Feline Urate


Often radiolucent, these stones may require a combination of survey and contrast cystography to identify their composition. Stones become more radiodense as their size increases.

General Information

The primary etiology underlying ammonium urate uroliths in most cats is unknown. Although porto-vascular anomalies have been identified in some, this abnormality is uncommon. Small quantities of urate (10% or less) can be admixed with struvite and/or calcium oxalate, and until proven otherwise, is not considered clinically important when developing a prevention plan.


• Serum bile acids to determine if a hepatic shunt is the underlying cause.


• The therapeutic benefit of allopurinol in the management of urate uroliths in cats is unknown. • Potassium citrate if urine pH is consistently ≤6.5 (starting dose: 75mg/kg q12-24h).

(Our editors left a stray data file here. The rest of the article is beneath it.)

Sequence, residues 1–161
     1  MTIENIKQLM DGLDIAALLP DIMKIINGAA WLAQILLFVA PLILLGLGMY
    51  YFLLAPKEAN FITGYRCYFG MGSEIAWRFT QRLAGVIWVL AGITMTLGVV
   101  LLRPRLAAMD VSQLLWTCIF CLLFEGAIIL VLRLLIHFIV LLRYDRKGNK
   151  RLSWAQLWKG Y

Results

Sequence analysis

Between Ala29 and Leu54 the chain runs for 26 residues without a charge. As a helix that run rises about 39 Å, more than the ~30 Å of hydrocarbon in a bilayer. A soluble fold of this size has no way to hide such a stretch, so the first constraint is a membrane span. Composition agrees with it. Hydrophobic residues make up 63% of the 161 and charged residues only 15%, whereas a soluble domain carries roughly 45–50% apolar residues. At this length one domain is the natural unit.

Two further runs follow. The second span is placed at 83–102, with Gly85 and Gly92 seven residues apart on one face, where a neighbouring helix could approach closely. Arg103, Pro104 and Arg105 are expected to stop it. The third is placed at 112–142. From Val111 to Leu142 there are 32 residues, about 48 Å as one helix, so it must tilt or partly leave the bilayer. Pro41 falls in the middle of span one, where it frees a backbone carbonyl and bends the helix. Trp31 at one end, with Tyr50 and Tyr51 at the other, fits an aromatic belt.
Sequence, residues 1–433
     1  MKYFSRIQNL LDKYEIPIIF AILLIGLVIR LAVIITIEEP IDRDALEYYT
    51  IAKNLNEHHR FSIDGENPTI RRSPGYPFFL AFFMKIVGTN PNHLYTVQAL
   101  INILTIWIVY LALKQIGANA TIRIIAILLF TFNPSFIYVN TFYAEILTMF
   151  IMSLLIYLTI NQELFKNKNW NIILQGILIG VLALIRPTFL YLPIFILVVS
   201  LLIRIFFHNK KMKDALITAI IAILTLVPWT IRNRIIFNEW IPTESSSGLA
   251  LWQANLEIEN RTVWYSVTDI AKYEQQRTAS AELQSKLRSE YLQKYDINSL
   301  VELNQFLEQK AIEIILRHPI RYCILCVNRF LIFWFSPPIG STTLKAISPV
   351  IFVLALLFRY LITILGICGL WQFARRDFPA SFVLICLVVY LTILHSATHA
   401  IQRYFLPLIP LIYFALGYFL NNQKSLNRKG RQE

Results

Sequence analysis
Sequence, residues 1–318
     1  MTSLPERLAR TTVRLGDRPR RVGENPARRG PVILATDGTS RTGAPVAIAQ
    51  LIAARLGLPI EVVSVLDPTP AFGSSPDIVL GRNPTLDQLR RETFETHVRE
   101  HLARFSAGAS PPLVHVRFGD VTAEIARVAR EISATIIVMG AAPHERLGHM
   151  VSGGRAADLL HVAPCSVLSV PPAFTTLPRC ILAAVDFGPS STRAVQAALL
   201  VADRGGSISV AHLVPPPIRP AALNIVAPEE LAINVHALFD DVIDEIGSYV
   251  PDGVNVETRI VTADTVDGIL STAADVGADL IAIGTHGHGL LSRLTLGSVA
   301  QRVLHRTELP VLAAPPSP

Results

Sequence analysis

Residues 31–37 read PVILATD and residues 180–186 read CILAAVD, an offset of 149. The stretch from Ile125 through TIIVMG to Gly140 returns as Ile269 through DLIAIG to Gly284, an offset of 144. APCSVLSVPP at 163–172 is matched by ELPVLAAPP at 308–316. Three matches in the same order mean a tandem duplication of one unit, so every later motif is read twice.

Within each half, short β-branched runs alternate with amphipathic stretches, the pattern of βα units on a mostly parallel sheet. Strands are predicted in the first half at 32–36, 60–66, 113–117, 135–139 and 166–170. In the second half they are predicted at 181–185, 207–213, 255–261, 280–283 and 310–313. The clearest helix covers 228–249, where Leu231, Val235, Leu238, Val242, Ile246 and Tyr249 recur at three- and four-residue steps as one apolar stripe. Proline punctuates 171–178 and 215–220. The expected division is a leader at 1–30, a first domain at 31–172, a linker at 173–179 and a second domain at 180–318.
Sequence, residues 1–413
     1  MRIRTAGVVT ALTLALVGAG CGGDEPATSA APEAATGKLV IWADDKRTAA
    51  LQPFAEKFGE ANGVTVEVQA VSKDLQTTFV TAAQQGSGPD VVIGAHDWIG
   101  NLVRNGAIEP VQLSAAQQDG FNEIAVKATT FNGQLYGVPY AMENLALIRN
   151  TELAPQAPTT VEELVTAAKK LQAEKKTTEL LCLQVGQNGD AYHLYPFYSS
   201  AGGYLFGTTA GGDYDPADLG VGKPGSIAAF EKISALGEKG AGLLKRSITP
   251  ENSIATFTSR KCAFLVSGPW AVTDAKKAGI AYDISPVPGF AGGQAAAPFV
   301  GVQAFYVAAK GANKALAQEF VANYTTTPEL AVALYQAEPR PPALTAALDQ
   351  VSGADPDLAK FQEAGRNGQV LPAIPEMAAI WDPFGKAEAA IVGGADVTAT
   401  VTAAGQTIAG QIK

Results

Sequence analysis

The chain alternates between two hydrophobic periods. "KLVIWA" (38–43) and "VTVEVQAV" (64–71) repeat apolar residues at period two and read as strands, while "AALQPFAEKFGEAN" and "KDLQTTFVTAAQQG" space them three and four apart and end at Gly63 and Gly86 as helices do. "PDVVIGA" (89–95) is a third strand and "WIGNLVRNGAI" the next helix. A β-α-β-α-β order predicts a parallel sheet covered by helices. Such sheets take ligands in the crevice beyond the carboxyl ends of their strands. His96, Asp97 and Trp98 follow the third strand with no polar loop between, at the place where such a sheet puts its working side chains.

• Lower purine/protein foods that produce neutral to alkaline urine (e.g. k/d early support, k/d, others). If needed, feed canned therapeutic foods or add water to achieve a urine specific gravity ≤1.030.


Urinalysis every 3 to 6 months to adjust pH to 6.6 or greater. Medical imaging every 6 to 12 months to detect recurrent stones when small to potentially permit their removal without surgery.


We advise reviewing manufacturer's literature regarding selected therapeutic foods to determine indications and contraindications. For pets with multiple health concerns,we suggest that the selection of diet should take into consideration all health needs of the pet.

Link to Full Recommendation PDF

Feline Urate